Kepler’s last home in Regensburg

Photography by Carlos Dorce

Photography by Carlos Dorce

Kepler’s last home is this orange house located in Keplerstrasse 5 in Regensburg. Reading the famous Kepler’s biography written by Max Caspar:

[…] On November 2 [1630] he rode, tired, on a skinny nag, over The Stone Bridge into Regensburg. He took up quarters in Hillebrand Billj’s house in the street now named after him. This acquaintance was a tradesman and later an innkeeper.

Only a few days after his arrival Kepler came down with an acute illness. His body was weakened by much night study, by constant worry, and also by the long journey at a bad time of year. In the beginning he attributed no significance to his being taken ill. He had often before suffered from attacks of fever. He believed that his fever originated from “sacer ignis”, fire-pustules. As the illness became worse, an attempt was made to help him by bleeding. But soon he began to lose consciousness and became delirious. Several pastors visited him and “refreshed him with the vitalizing water of consolation”. It is not said anywhere that holy communion was afforded him. In the throes of death Pastor Christoph Sigmund Donauer rendered him aid. When, almost in the last moment of his life, he was asked on what he pinned his hope of salvation, he answered full of confidence: only and alone on the services of Jesus Christ; in Him is based, as he wanted to testify firmly and resolutely, all refuge, all his solace and welfare. At noon on November 15 this pious man breathed his last. […].

A plaque on the facade says that this is the house which I was looking for when I have arrived at Regensburg:

Photography by Carlos Dorce

Photography by Carlos Dorce

Bad luck! This small museum is only open in the weekends and it’s possible to rent a guided visit only for groups! I’ve not arrived here to give up! Finally, I’ve been able to visit it and the first thing that I’ve seen… the magnificent bust of the last owner of the house…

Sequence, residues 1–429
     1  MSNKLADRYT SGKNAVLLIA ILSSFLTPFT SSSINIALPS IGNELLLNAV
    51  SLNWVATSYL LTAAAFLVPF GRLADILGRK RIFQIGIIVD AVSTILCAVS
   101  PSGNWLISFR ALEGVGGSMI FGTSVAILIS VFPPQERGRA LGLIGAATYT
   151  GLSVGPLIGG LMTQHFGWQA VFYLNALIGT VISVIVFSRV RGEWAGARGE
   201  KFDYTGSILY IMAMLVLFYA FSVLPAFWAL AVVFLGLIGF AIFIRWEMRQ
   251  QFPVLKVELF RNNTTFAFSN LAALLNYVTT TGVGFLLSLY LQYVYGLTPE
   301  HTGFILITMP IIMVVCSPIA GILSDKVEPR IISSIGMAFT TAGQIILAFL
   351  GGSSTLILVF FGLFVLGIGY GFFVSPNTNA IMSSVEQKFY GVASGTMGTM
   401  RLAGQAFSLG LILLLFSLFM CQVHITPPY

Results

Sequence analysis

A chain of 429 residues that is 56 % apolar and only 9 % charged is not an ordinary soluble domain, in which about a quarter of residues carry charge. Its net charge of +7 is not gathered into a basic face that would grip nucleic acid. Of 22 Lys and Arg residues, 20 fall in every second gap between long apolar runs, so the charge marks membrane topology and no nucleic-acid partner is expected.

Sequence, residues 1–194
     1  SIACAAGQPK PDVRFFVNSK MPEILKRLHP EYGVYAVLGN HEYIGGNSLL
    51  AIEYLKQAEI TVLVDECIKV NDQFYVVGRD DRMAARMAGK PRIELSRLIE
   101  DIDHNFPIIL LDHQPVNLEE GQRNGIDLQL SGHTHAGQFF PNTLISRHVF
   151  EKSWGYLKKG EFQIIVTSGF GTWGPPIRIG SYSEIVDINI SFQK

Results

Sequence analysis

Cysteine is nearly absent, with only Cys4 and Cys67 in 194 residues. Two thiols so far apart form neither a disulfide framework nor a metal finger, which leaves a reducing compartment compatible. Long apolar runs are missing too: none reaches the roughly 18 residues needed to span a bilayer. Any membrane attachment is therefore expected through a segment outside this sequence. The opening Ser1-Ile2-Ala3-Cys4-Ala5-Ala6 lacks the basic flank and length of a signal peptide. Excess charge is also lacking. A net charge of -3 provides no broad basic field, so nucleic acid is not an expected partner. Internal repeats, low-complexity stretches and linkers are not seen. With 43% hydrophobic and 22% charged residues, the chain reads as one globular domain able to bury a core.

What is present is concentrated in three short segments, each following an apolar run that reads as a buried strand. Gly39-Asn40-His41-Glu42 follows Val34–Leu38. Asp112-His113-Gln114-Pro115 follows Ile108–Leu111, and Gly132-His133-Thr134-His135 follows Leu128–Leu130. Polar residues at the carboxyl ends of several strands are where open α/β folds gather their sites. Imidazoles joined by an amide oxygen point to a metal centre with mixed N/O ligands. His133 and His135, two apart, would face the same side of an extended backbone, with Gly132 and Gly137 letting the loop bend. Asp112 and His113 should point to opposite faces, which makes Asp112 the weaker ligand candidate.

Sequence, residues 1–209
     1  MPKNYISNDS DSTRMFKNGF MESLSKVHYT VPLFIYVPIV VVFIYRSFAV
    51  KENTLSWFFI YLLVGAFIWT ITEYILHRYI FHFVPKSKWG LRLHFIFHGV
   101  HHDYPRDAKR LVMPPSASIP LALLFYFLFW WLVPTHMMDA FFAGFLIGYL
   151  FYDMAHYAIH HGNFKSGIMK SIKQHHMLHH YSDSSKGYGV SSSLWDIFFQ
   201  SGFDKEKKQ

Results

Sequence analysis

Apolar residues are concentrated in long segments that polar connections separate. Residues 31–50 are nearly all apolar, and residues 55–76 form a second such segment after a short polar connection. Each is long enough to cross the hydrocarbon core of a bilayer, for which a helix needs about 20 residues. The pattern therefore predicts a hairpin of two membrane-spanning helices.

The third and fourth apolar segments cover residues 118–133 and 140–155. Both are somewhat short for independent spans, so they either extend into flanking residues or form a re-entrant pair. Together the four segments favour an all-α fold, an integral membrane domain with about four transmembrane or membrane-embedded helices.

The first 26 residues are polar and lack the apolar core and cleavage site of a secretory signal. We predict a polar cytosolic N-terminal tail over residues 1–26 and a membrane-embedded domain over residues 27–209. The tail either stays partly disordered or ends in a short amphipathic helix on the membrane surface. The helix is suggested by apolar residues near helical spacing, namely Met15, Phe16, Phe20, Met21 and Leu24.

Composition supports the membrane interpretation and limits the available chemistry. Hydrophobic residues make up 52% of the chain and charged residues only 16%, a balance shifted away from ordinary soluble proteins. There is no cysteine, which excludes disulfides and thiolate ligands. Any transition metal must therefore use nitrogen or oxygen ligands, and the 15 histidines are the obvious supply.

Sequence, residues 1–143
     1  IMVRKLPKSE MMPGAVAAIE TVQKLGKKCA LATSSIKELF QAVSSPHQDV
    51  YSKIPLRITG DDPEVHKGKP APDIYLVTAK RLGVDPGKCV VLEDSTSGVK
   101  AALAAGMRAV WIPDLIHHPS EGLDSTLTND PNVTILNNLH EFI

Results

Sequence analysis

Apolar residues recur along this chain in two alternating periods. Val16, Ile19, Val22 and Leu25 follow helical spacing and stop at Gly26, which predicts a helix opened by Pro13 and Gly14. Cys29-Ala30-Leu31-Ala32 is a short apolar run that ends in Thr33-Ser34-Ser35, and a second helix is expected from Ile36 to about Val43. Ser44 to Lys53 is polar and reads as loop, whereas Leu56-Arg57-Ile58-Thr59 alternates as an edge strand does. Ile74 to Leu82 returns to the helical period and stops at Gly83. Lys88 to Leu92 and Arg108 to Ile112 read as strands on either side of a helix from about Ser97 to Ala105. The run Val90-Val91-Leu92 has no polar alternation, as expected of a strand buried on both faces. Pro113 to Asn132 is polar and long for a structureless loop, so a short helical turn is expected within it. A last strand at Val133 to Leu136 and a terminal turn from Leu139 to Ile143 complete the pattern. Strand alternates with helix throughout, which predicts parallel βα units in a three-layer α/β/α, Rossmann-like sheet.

Photography by Carlos Dorce

Photography by Carlos Dorce

… over a plaque in German language where it’s possible to read a little part of this story:

Photography by Carlos Dorce

Photography by Carlos Dorce

The museum located in the house is very small and explains Kepler’s life and works focussing the interest in his astronomical discoveries and his three laws.

Photography by Carlos Dorce

Photography by Carlos Dorce

There is also a representation of the barrels whose volume was calculated precisely by Kepler in 1615:

Photography by Carlos Dorce

Photography by Carlos Dorce

Another bust representing the great mathematician is in the room of the first floor next to some information about his commemorative monument also in Regensburg.

Photography by Carlos Dorce

Photography by Carlos Dorce

There are a lot of Kepler’s works (which seem to be original) and this wonderful German edition of Napier’s logarithms (1631) which couldn’t be used by Kepler but exemplifies the great impact that this powerful calculator had in the beginning of the 17th century.

Photography by Carlos Dorce

Photography by Carlos Dorce

Of course, his Astronomia Nova, his Harmonices mundi,… and his Tabula Rudolphinae are also exhibited.

Photography by Carlos Dorce

Photography by Carlos Dorce

There also are explanation about his relation with Tycho Brahe and the Copernican system and a lot of astronomical instruments like sextants, globes, compasses,…

Photography by Carlos Dorce

Photography by Carlos Dorce

Finally, I want to say goodbye looking at this famous portrait. This man discovered the elliptical orbits of the palnets and his obsession with numbers let him find the second and the third law. Copernicus was right and Newton will be confirm all this theories. The World was explained (Wait Einstein, wait!).

Photography by Carlos Dorce

Photography by Carlos Dorce

Location: Kepler’s museum in Regensburg (map)

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2 responses

  1. Melissa Kepler | Reply

    I stumbled on your blog while looking up information about Uraniborg. I have been to Weil der Stadt and can’t wait to return to Europe again to see more historic science landmarks! You have documented all these locations I have dreamed of seeing. Thank you for sharing your experiences!

    1. carlesdorce | Reply

      Thank you bery much for your words. You sre very kind.

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